Tom Hayden (Activist, National Mobilization Committee to End the War): We were in the park, and a young man named Angus MacKenzie climbed a flagpole, intent on bringing the American flag down halfway and turning it upside down, which of course is an international symbol of distress. Well, this aroused the police, who were all lined up on the Michigan Avenue side of the park, and they charged into the crowd. It was madness.
I urged people to head back toward the Hilton by any means. If there was gonna be blood or gas, let it be all over the city. So people started up the long, narrow park along Lake Michigan. There are small bridges along the way that get you to the Grant Park area adjacent to the hotel, but all these bridges were occupied by troops with bayonets. And there were submachine guns mounted on tripods pointed at the protesters as we went from bridge to bridge.
Finally, though, like the Red Sea parting, we came upon a bridge that was open. And there was this cheering, and this large crowd of people rushed across the bridge as if they had been liberated, and they arrived on Michigan Avenue. We simply had to turn left and march towards the Hilton, which was a mile or a mile and a half away.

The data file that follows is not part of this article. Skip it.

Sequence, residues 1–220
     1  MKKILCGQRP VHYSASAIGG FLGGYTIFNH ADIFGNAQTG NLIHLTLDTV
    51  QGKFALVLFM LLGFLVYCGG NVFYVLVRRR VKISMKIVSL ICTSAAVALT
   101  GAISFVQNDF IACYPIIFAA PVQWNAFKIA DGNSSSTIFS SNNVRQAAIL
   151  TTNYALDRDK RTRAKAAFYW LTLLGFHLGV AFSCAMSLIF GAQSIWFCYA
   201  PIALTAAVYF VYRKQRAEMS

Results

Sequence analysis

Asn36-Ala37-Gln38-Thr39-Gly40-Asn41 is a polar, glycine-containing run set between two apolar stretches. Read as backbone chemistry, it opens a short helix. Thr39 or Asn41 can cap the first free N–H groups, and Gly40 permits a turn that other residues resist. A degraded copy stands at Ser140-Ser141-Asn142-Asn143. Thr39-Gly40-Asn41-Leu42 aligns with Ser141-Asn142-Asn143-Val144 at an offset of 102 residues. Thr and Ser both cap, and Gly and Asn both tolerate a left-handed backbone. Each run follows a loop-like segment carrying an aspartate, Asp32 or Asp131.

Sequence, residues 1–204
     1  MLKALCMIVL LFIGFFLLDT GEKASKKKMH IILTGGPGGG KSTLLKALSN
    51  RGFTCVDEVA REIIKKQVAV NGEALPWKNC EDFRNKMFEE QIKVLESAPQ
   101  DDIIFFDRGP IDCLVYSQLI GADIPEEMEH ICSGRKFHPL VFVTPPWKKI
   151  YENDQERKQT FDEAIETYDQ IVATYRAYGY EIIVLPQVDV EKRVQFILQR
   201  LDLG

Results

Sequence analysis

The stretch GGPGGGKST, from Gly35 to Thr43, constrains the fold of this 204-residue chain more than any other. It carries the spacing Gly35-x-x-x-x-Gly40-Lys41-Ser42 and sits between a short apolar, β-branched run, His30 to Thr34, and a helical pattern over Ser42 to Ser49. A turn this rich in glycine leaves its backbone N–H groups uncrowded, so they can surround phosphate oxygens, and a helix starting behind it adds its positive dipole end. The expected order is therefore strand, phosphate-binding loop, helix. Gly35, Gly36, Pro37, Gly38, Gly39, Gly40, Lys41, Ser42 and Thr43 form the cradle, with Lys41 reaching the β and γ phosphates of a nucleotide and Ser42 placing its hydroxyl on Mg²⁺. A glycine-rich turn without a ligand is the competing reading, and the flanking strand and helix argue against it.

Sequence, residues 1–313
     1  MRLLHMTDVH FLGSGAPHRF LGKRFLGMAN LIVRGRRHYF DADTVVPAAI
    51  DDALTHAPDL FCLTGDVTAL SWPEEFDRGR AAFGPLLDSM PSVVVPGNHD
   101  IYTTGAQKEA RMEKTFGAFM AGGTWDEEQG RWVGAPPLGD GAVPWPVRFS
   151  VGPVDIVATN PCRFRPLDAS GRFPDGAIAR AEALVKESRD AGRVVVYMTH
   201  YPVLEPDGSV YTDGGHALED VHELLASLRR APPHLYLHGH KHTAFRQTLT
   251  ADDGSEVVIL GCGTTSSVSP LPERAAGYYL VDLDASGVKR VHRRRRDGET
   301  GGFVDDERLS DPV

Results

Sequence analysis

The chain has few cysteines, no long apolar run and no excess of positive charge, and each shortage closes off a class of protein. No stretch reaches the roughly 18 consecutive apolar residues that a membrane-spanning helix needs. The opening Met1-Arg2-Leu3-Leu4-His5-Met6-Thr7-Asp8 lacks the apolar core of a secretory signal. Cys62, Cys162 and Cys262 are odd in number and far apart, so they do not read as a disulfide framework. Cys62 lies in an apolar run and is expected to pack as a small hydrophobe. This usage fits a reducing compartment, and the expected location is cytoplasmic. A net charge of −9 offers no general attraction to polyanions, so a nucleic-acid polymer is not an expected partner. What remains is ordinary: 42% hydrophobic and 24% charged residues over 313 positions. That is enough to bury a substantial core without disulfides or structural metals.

Before he was murdered, Martin Luther King had agreed to send people from his proposed Poor People's March to march with us against the war. And suddenly here they were, too, this mule train from the South, with sharecroppers in blue Levi's shirts, overalls, and horses -- clop, clop, clop -- joining us and marching forward. It was kind of a joyous, delirious half an hour. There were no police in front of us. But as we arrived at Michigan and Balbo, with the Hilton on the right and the park on the left, suddenly the line was blocked.
James P. Turner (Civil Rights Division, Department of Justice): I was there to investigate police abuse. The idea was that the attorney general needed a lawyer's eye on the ground, because everyone else had an ax to grind. So I went down there to look around. The police had cleared out Grant Park, on the east side of Michigan Avenue, so that gave you just kind of a dead end where the marchers and the demonstrators and the mules and the wagons and everybody just kept pounding in. Didn't just stop; they just kept packing tighter and tighter. It was pretty solid humanity.
Rumsfeld: The police had the diffculty of trying to determine what their response should be. They responded against people who were instigators and also noninstigators, and I suspect the latter was much larger than the former. All I know is, when things are that hostile, there's no way any one individual can tell you what took place and whose fault it was.
Hayden: At the sight of the police, people expected to be beaten and gassed again. And so they just sat down. They sat down in the street and on the sidewalk at the corner of Michigan and Balbo. The street was completely occupied by police vans and police cars and police o8cers and I'm not sure what other military forces. And there were lights from media cameras, I guess. People sat down. And then somebody invented the chant "The whole world is watching."